Rincon Hill / Transbay / South of Market, San Francisco

Farewell, Transbay Terminal

This slideshow requires JavaScript.

The day has finally arrived.  The Transbay Terminal — in operation since January 15, 1939, first as a rail hub, and then as a bus station since 1959 — will close permanently tonight, in preparation for its upcoming demolition. The Terminal will close shortly after midnight, following a few final AC Transit runs.  After several decades of transit service, the very last run from the Terminal will be the O line, scheduled for 12:15 a.m.  For the next seven or so years, the extensive suite of regional and Muni bus operations that have served Transbay will be relocated to tighter quarters at the Temporary Terminal, which is located in the block bounded by Howard, Main, Folsom, and Beale streets.  If you haven’t already done so, please take a moment to familiarize yourself with the new layout of bus stops.

You could call the Transbay Terminal dirty, dingy, dismal, dreary, decaying, decrepit, dilapidated — and you’d be right, as this utilitarian Timothy Pflueger structure has not aged gracefully, nor has it been maintained properly.  Still, it’s a part of the Bay Area’s history, and the Terminal, with its elevated loops hovering above downtown, remain the most visible reminder of a day in the not-too-distant past when rail operated on the lower deck of the Bay Bridge. But rail has been banished from the Bay Bridge since 1958, and a more appropriate structure to replace the Transbay Terminal is overdue.  It will be exciting to see a new multimodal transit hub rise on this site over the next several years.  Eventually, the Transbay Transit Center and the nearby high-rise neighborhood will transform what is now a littered, shadowed corner of downtown into a vibrant focal point, while providing downtown San Francisco with new, well-designed public spaces.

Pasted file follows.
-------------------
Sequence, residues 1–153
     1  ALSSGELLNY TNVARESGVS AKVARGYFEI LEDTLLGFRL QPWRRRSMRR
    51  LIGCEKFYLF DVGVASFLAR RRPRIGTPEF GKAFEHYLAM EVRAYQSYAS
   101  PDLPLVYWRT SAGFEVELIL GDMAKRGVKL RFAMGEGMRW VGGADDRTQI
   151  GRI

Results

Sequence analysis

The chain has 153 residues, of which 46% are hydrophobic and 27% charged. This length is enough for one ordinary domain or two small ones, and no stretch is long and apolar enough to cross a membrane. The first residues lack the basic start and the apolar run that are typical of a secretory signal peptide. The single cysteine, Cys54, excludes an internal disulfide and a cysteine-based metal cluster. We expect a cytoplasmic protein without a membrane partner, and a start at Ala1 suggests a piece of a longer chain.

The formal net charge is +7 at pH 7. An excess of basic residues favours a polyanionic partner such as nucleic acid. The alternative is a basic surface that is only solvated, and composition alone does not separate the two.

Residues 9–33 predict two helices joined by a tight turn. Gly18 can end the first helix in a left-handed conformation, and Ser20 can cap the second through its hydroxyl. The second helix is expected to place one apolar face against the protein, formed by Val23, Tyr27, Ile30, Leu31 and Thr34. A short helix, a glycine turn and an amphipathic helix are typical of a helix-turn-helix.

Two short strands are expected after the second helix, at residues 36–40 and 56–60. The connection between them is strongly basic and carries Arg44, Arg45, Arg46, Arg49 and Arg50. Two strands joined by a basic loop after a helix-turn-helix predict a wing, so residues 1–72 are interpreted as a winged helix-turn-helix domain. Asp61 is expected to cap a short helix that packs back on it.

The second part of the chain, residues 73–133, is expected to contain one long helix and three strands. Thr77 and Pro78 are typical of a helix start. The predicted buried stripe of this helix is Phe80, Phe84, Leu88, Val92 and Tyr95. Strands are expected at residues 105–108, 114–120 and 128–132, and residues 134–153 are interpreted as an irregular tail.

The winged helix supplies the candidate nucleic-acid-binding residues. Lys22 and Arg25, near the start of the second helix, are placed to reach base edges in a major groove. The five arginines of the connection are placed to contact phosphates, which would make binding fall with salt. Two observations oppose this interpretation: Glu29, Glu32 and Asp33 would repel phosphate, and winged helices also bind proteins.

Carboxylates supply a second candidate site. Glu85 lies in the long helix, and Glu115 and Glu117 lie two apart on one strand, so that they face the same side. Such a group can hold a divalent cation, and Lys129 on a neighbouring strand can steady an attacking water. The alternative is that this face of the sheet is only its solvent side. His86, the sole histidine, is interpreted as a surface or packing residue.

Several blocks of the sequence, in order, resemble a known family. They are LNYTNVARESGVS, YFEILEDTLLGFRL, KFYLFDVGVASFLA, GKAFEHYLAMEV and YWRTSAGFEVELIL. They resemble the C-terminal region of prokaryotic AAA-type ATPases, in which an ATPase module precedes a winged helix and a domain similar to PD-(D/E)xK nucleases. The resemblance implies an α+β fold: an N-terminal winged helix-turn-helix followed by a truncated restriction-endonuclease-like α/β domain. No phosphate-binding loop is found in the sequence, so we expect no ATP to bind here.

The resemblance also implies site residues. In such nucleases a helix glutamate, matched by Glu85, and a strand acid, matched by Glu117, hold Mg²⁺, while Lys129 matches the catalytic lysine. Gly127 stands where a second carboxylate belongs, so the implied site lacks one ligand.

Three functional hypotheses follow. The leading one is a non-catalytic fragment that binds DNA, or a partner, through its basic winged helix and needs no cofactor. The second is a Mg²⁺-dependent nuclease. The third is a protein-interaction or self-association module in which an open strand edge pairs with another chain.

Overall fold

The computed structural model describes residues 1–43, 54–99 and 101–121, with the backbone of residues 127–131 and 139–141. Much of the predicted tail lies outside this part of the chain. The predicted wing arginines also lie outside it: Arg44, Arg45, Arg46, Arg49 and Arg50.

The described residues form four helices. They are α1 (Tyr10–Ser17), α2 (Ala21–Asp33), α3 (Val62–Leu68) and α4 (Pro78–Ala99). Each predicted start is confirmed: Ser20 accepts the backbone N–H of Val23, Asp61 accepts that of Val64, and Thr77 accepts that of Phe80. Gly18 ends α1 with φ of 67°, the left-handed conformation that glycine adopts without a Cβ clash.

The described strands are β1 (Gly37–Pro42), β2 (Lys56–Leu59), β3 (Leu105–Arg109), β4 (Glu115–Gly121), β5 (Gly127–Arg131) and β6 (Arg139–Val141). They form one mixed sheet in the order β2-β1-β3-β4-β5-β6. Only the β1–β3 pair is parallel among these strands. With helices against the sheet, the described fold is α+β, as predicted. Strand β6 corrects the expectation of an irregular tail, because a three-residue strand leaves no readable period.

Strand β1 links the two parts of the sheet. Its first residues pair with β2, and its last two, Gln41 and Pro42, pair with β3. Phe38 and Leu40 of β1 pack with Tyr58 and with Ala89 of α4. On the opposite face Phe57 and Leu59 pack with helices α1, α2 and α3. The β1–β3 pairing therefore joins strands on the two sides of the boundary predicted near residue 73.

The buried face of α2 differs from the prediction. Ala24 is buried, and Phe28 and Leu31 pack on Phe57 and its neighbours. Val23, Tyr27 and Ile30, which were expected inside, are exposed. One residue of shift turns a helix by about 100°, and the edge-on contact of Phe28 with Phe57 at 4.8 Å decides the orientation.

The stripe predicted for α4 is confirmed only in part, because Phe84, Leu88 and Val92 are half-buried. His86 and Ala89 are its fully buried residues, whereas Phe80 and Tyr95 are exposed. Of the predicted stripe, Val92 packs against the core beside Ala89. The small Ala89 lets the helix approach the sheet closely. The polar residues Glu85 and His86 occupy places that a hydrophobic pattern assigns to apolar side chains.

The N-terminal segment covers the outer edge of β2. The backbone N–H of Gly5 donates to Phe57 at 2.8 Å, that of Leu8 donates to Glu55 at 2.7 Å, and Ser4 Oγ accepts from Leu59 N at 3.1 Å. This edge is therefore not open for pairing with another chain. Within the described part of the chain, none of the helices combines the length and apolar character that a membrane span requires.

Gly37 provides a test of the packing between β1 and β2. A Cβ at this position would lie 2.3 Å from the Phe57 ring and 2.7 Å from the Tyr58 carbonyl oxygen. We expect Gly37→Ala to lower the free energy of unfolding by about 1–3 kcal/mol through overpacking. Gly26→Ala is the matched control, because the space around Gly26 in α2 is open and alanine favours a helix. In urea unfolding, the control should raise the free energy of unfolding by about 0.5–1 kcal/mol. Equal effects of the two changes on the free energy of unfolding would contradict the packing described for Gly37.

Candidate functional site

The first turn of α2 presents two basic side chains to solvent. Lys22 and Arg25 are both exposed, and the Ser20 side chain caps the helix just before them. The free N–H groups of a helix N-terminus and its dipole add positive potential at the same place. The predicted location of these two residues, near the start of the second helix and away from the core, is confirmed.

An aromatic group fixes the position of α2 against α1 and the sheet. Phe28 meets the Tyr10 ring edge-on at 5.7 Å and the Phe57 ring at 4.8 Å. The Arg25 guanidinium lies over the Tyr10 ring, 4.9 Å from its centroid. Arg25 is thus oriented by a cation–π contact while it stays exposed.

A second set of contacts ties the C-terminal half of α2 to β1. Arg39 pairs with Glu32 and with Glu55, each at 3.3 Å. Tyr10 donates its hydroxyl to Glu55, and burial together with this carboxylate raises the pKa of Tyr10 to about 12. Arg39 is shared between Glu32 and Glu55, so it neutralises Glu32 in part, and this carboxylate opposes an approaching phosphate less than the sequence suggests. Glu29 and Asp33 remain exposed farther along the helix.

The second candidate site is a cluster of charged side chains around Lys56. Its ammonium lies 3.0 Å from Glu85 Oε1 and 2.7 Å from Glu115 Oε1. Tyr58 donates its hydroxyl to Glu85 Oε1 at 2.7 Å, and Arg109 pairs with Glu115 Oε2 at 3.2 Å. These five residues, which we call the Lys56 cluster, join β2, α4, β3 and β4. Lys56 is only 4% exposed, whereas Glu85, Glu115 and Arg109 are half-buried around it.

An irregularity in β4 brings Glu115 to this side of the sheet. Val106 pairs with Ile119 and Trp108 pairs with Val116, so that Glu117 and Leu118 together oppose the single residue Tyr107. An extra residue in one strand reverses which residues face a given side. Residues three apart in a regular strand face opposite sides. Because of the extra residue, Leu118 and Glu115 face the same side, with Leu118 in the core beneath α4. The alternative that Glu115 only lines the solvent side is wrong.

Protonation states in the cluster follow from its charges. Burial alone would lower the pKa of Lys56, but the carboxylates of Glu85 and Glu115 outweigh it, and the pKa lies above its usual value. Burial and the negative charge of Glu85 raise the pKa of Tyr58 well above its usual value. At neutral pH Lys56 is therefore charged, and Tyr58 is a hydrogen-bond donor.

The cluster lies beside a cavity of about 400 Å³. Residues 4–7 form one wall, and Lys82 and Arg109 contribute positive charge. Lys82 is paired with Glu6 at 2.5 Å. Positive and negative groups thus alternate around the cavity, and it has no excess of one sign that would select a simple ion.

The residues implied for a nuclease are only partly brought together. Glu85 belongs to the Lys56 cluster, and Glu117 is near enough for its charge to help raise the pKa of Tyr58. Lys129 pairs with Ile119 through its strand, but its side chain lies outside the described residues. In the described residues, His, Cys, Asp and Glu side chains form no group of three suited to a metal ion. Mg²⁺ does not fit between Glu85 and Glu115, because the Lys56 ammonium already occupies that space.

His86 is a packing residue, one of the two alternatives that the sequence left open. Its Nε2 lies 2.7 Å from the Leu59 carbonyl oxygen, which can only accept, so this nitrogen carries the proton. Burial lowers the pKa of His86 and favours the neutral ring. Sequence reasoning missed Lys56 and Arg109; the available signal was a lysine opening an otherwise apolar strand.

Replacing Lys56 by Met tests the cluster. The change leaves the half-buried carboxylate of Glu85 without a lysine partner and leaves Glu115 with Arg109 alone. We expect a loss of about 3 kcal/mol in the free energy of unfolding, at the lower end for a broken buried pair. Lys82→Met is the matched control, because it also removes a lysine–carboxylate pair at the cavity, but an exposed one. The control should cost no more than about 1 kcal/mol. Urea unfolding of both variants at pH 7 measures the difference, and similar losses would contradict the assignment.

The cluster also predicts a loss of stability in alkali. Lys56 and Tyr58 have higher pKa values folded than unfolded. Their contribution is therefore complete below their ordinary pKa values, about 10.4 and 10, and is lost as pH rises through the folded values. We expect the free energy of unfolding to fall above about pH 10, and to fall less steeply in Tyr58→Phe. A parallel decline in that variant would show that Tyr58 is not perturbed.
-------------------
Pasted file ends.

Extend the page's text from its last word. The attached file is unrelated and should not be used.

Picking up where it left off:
I had been hoping to post some new relevant content here on the blog before the August 7 closure date.  But this summer has been especially hectic for me — hence the long lapses in posting — and the opportunity slipped by.  All in due course; for now, I leave you with this photo slideshow of the Transbay Terminal and its immediate surroundings.



9 thoughts on “Farewell, Transbay Terminal

  1. I’m so glad I got to go by before the shutdown. What an odd, fascinating place!

    Posted by throgers | 6 August 2010, 9:01 am
  2. This building can’t come down soon enough. I tend to take the very European view of judging a city by it’s rail station, and San Francisco currently fails in this regard. Hopefully the new Transbay Transit Center will be something the city can be proud of.

    Also, I like the “have you made the move to Translink?” poster next to the Clipper machine :)

    Posted by Jon | 6 August 2010, 9:41 am
  3. The Clipper/Translink image was one of my favorites in the bunch, so it had to be included. Part of the ongoing story (tragedy?) of Bay Area transit signage and wayfinding woes.